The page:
Mets fans refer to July 1 as Bobby Bonilla Day as a way of ridiculing the Wilpons. New Mets owner Steve Cohen is well aware of it and on Twitter he announced he’d like to have some fun by inviting Bonilla to Citi Field that day and handing him an oversized check and letting him address the fans. Cohen added he’d like to make it a yearly tradition.

Everyone knew new Mets owner Steve Cohen and team president Sandy Alderson would make changes, but hardly anyone expected they would come as fast as they did.

The Mets sent out a press release last Friday afternoon confirming Cohen had officially purchased the ballclub from the Wilpon family. That was widely expected. What was unexpected, however, was the press release issued two hours later announcing the departure of general manager Brodie Van Wagenen and nearly all of his staff as well as senior advisor Omar Minaya.

In the days leading up to the Major League Baseball team owners’ meeting to approve Steve Cohen’s purchase of the Mets from the Wilpon family, a new wrinkle seemed to arise. Fans were not worried so much about whether Cohen would get the blessing from the fraternity he wanted to join as much as they were about Mayor de Blasio putting a kibosh on things.

Citi Field sits on land owned by the New York City Parks Department and therefore the Mayor’s Office said it had a say in the Mets ownership change. De Blasio was both cagey and cryptic about whether he’d sign off on the deal.

Former Mets third baseman David Wright will be the first to admit that when one thinks of “The Captain” in New York baseball circles, it is Hall of Fame shortstop Derek Jeter who comes to mind. Nonetheless, Wright was a great player and served as the Mets’ team captain from 2013 through the end of his career in 2018. That is why he shouldn’t feel guilty titling his autobiography “The Captain” (Dutton).

Last week I spoke with Anthony DiComo, who served as Wright’s co-author and is well-known to Mets fans as the team’s beat reporter. DiComo admitted Wright was surprised to get the go-ahead from Penguin Random House, which owns Dutton Books, because there is no dirt to be dished here.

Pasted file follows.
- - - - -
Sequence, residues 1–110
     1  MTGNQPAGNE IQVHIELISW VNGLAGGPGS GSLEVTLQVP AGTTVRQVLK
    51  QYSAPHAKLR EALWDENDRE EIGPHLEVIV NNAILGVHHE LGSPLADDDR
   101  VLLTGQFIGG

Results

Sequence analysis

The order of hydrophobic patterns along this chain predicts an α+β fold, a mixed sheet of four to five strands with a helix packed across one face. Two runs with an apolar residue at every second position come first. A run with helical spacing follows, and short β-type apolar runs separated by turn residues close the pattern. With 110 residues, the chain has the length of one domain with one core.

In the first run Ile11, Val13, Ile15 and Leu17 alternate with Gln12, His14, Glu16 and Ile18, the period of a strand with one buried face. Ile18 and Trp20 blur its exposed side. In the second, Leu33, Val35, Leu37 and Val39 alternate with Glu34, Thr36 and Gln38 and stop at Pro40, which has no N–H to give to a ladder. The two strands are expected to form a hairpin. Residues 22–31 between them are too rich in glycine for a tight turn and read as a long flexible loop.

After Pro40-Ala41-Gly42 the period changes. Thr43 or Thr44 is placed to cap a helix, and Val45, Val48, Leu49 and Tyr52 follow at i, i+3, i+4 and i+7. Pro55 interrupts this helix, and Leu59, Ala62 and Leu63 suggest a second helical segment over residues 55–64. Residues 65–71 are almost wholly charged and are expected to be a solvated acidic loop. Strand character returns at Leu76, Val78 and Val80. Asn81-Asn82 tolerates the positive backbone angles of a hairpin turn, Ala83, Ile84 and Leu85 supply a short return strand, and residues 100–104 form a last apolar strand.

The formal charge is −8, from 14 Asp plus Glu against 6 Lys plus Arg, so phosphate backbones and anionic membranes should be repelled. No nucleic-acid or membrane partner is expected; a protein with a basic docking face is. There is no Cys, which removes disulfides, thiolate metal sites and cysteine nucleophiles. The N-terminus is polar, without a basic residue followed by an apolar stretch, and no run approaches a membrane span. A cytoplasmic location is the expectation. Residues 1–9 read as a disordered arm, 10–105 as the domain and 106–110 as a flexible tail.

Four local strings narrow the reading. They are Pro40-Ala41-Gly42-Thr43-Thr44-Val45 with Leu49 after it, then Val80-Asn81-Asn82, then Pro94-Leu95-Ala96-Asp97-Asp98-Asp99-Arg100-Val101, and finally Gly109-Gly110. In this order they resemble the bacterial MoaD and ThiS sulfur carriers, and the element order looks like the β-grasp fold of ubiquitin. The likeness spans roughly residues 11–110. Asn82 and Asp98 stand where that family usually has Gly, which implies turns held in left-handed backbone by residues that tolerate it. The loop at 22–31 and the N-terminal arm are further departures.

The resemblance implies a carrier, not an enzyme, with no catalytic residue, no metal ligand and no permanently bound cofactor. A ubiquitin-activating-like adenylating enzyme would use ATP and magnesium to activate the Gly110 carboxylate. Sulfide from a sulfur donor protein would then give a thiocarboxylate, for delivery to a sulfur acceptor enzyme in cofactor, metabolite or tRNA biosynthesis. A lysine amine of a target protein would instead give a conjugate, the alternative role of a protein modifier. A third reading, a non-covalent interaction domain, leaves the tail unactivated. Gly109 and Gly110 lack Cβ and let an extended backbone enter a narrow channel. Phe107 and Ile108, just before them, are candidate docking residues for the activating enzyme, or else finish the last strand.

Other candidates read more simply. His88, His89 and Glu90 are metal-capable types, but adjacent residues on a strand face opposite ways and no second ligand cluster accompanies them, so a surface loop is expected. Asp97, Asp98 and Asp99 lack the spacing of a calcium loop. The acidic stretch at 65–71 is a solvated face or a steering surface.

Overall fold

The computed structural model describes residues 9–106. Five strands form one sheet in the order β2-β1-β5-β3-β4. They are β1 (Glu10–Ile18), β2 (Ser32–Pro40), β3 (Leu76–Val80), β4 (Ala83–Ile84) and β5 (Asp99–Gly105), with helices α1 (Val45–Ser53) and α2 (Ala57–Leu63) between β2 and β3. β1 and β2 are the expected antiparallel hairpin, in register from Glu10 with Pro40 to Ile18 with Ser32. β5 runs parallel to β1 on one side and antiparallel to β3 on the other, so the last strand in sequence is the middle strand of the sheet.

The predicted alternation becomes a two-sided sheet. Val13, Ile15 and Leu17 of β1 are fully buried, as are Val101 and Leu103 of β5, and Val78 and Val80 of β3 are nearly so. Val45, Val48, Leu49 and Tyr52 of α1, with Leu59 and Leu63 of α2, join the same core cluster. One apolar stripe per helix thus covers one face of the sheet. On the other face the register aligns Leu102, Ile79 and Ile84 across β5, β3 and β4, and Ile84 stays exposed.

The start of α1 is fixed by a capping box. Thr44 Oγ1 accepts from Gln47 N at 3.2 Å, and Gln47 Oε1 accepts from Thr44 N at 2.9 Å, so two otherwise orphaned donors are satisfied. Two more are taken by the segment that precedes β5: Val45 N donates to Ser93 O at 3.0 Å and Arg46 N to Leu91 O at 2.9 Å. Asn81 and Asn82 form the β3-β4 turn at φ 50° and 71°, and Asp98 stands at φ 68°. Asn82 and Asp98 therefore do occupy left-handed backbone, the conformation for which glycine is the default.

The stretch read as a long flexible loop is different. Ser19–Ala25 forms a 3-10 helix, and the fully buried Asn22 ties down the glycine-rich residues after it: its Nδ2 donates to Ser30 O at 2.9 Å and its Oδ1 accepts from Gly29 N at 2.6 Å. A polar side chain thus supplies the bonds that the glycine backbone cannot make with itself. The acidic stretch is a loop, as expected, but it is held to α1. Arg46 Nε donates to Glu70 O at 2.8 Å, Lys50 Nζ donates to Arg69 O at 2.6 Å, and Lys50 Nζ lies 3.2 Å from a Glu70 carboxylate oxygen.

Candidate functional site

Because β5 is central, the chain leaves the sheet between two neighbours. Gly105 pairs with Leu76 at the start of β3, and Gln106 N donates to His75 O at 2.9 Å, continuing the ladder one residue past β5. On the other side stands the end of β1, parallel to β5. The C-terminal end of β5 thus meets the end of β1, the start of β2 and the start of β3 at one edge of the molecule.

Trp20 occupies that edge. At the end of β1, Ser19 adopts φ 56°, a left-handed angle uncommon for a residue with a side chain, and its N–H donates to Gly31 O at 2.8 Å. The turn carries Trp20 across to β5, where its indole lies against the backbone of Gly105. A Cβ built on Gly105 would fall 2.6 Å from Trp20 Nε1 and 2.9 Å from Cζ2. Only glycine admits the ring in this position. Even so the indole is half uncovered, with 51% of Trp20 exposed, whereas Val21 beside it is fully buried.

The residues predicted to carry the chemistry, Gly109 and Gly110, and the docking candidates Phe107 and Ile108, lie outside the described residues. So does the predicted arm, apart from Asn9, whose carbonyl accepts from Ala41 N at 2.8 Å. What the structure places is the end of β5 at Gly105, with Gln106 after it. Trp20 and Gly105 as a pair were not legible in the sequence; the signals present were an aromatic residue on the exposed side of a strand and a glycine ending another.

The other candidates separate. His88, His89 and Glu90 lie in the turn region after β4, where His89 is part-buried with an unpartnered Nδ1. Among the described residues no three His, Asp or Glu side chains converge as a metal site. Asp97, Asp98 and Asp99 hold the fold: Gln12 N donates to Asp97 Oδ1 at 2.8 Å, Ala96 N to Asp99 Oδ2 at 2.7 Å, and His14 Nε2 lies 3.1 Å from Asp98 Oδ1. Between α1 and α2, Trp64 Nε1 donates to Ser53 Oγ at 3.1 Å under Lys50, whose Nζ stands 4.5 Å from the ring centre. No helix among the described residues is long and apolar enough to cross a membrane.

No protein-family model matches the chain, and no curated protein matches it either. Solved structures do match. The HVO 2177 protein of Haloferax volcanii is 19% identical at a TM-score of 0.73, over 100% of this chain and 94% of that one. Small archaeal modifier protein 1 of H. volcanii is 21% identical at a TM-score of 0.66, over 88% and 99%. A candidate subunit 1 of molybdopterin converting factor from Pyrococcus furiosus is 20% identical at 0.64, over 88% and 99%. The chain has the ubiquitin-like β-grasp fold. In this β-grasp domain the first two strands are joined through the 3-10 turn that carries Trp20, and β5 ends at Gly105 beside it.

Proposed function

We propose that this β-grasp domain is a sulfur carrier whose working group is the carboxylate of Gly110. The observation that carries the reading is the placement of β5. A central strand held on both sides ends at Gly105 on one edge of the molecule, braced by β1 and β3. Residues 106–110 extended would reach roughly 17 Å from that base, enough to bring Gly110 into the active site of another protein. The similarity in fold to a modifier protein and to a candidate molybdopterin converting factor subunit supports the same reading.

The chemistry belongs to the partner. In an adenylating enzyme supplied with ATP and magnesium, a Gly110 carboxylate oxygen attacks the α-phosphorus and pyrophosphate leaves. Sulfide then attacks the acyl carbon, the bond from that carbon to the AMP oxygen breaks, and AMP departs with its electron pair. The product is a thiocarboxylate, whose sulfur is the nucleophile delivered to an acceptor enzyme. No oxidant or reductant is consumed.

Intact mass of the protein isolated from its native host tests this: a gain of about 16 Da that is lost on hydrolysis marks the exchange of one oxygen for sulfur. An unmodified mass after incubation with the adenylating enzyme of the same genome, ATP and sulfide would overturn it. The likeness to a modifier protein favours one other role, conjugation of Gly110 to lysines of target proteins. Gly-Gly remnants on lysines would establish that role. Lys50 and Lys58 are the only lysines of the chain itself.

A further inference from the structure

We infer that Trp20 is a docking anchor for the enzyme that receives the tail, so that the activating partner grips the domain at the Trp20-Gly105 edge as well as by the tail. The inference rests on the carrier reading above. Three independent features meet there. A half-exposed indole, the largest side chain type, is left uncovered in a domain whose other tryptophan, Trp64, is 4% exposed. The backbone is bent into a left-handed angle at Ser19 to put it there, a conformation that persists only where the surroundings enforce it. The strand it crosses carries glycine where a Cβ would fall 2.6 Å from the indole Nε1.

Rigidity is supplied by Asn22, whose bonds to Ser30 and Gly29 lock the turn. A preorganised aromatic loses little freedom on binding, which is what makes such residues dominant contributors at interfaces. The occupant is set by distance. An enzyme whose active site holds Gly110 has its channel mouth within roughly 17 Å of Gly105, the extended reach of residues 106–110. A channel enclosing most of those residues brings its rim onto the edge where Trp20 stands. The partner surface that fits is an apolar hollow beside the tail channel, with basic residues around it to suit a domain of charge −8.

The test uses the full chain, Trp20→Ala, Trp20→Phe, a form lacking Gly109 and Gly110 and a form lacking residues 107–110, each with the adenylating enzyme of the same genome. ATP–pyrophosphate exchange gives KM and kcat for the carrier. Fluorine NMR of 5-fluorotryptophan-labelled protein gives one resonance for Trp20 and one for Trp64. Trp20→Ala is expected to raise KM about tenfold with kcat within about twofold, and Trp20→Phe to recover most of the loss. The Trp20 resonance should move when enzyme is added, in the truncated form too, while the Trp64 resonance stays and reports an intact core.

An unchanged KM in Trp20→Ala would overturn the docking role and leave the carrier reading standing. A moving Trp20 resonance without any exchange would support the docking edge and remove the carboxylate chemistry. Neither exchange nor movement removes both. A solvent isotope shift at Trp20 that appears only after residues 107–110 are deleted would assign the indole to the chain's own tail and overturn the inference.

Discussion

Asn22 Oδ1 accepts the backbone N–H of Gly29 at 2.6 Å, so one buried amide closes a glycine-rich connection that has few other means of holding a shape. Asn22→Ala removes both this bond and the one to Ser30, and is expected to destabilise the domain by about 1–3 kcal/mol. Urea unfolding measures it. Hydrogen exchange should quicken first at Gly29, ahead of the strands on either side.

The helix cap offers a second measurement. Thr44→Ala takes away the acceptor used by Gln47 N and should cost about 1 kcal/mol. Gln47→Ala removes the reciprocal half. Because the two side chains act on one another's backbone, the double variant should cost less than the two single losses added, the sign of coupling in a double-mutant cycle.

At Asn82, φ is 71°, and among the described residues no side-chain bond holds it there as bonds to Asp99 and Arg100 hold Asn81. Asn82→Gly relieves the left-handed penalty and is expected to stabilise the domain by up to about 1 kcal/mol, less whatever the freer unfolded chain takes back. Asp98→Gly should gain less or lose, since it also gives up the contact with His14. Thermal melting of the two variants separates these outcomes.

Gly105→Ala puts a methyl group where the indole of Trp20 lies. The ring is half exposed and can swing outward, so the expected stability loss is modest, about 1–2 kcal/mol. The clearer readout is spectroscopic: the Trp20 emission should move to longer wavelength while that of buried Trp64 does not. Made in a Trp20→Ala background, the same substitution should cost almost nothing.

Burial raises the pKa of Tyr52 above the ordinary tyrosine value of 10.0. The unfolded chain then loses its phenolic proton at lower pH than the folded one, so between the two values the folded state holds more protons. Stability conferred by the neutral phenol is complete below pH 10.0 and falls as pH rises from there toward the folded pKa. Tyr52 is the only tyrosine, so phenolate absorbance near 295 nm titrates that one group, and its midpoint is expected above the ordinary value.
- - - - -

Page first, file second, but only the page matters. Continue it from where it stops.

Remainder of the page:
The Jets decided to cut ties with their talented yet disgruntled running back Le’Veon Bell last Thursday. Bell was vocal about how he was being utilized by Jets head coach Adam Gase. With the season beyond repair the Jets’ corporate triumvirate of Gase, general manager Joe Douglas and owner Christopher Johnson agreed to release Bell from his contract.

Bell’s story is a case study of how corporate shakeups can adversely impact an athlete’s career. Bell was unhappy with the contract his old team, the Pittsburgh Steelers, had offered him for 2018 so he decided to sit out that season in the hopes of landing a big free agent deal from a different team the following year.

Yankees fans were understandably upset at seeing another season go by the boards without an addition to their team’s 27 World Series championships after a loss to the Tampa Bay Rays last Friday. The Bronx Bombers’ last World Series title came in 2009 and they haven’t been part of the Fall Classic since.

While the knee-jerk reaction of the sports media was to criticize the Yankees, especially manager Aaron Boone, the reality is the Rays are an excellent baseball team and this was more a case of them winning a hard-fought playoff series than more the Yankees losing it.

First in batting average in the Big East. First in doubles and stolen bases. Second in hits and runs scored. Third in home runs. Breakout starts from three freshman All-Americans. A drubbing of 19th-ranked Georgia Tech on the road. Two convincing home wins. 

The St. John’s baseball team was ready to show the Big East, and everyone else, its 2020 brand of Red Storm ball.

And then, it hit.

The virus took no prisoners.

The New York Rangers’ decision to buy out the remainder of goaltender Henrik Lundqvist’s contract did not get the attention it deserved. Most observers felt the Rangers were determined to go in a younger direction and continuing to employ the 38-year-old Lundqvist (affectionately known to Blueshirts fans as “King Henrik”) did not fit that goal.

The NHL just completed its season, which like everything else, was affected by the pandemic. The Yankees’ being in the playoffs, along with the awful state of the New York Jets and Giants, have taken up most sports attention locally. So it wasn’t surprising the Lundqvist era came to an end with a whimper instead of a bang, maybe the goal of Rangers’ management.

The Mets probable new majority owner, Steve Cohen, made news last Thursday when he announced that Sandy Alderson, who was the Mets general manager for seven years, would be the club’s new president. Alderson took a leave of absence in July 2018 to battle a recurrence of cancer. As is often the case, the Mets were badly struggling, and he opted not to return.